Recycle Runway Blog

2,000 children help make the Youth Eco-Dress! Published: 02.07.2011 at 9:24 am by Nancy Judd

The Youth Eco-Dress

Imagine a Scarlett O’Hara style dress made from old sheets and covered with 2,600 eco-pledges made into paper-link chains. Over the last two and a half years I have collected these pledges from kids across the United States.

The project started in 2008 at a Boys and Girls Clubs in Pittsburgh, PA. After a recycling presentation, a little girl asked me if I would come back and make her Club a dress. Her request made me wonder: “Could I make a garment with ALL the kids I work with across the country?” Thus was born the Youth Eco-Dress.

During my youth presentations about recycling and the environment, I started having the kids write their names and something that they would do to help the environment on a strip of recycled paper. Once I had gathered around 1,000 of these eco-pledges I began to turn them into long paper link chains to cover the dress. My goal was to finish the garment in time to display it in my upcoming Atlanta International Airport exhibition, scheduled to be installed in April 2011. Thanks to the help of the Santa Fe Girl Scouts, the garment is now complete!

Atlanta seems like the perfect place to debut this O’Hara style dress, since one of the dresses featured in the movie, Gone with the Wind was made from recycling old window curtains. Instead of curtains I used discarded sheets from the historic La Fonda Hotel in Santa Fe, NM and I dyed them sage green. The dress has two petticoats made from these same sheets as well as old table cloths. A four layered hoopskirt supports the two petty coats, the dress and the chains made from the pledges. The wire in the hoopskirt came from the frames used for yard signs during the Obama campaign. Before the pledges were made into the chains, each one was adhered to the white table cloths (also used in the petticoats) to assure that the chains do not get crushed over time. The “curtain” dress in Gone with the Wind took a mere 200 hours to make, whereas the Youth Eco-Dress took 400 hours to complete!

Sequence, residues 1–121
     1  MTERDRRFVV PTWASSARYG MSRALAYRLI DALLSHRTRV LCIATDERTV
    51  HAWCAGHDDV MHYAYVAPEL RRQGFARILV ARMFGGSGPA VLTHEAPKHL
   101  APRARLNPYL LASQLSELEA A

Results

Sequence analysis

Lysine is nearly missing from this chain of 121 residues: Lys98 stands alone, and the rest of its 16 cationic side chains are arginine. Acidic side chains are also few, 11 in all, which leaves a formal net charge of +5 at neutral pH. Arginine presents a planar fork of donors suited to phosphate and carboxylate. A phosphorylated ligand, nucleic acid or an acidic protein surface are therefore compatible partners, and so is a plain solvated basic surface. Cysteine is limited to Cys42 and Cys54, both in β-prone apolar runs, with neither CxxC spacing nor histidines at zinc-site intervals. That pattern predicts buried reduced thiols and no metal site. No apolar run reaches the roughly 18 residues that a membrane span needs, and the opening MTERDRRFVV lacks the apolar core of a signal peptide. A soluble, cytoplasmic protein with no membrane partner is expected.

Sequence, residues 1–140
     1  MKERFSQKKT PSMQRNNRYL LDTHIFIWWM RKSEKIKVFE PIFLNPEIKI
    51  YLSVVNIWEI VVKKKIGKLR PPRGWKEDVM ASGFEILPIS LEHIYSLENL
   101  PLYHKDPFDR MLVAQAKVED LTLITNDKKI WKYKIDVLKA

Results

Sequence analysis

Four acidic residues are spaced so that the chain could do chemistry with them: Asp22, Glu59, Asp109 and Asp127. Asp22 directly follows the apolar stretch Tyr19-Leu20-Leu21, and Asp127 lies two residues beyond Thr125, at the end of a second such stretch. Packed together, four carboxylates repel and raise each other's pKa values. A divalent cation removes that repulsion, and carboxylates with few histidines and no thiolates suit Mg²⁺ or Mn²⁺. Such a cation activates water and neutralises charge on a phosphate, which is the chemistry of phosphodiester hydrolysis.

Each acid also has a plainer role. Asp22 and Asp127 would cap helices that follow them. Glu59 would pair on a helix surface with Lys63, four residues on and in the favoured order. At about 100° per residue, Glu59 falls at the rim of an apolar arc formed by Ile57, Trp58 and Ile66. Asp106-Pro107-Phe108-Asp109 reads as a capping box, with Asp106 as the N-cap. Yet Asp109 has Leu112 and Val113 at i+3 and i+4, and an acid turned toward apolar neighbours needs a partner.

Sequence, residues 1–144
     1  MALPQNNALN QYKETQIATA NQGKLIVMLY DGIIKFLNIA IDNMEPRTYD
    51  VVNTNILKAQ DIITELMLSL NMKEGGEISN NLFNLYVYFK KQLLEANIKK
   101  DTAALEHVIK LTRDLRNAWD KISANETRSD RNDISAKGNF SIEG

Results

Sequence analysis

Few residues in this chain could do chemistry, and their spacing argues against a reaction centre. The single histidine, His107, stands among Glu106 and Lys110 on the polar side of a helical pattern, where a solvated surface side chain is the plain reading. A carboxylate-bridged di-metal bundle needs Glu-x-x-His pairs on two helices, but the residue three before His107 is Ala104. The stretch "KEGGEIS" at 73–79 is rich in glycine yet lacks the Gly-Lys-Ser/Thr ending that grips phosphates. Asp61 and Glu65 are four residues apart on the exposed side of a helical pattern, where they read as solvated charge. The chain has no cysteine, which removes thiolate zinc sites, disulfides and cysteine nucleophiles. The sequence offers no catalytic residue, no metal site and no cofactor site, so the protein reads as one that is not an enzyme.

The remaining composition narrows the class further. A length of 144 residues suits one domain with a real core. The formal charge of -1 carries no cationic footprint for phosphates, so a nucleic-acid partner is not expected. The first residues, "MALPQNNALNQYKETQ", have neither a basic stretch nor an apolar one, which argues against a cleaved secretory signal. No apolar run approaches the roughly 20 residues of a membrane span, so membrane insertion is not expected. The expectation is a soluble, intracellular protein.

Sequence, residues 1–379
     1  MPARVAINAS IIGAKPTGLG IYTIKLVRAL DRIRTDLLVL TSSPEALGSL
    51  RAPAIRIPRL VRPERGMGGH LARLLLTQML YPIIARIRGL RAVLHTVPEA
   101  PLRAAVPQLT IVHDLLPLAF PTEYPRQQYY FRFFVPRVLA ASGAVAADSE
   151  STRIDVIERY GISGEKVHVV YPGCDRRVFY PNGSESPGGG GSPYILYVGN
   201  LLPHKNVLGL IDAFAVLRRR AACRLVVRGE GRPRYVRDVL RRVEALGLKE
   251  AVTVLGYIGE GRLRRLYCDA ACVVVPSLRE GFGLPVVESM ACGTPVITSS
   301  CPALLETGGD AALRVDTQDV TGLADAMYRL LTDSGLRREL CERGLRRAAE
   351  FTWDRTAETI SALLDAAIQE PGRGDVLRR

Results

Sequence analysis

Over 2,000 children from across the country created the 2,600 eco-pledges that cover the dress. Here are samples of some of my favorite pledges:

  • Lilia: I’ll get my clothes from second hand stores
  • Graham: I want to have timed 3 minute showers
  • Ethan: Unplug my charger when not using it
  • Emily: Turn off lizards heat lamp when it is sunny out
  • Abelino: Use fabric shopping bags
  • Manuel: Walk to school
  • Laura: Yo voy a reciclar papel
  • Mayra: Composting
  • Astrid: Use only what you need

Detail of the Youth Eco-Dress

I find these pledges to be very powerful. As the children take these actions, I hope that others will watch them and think: “I can do that too!” Additionally, as millions of people see the Youth Eco-Dress in the Atlanta Airport and read the pledges, I hope they will be inspired to make similar commitments in their lives. My greatest wish is that the children’s pledges, documented in the Dress, will be felt across time and space, as the inspiring acts of children around the United States help to lighten our load on the earth!

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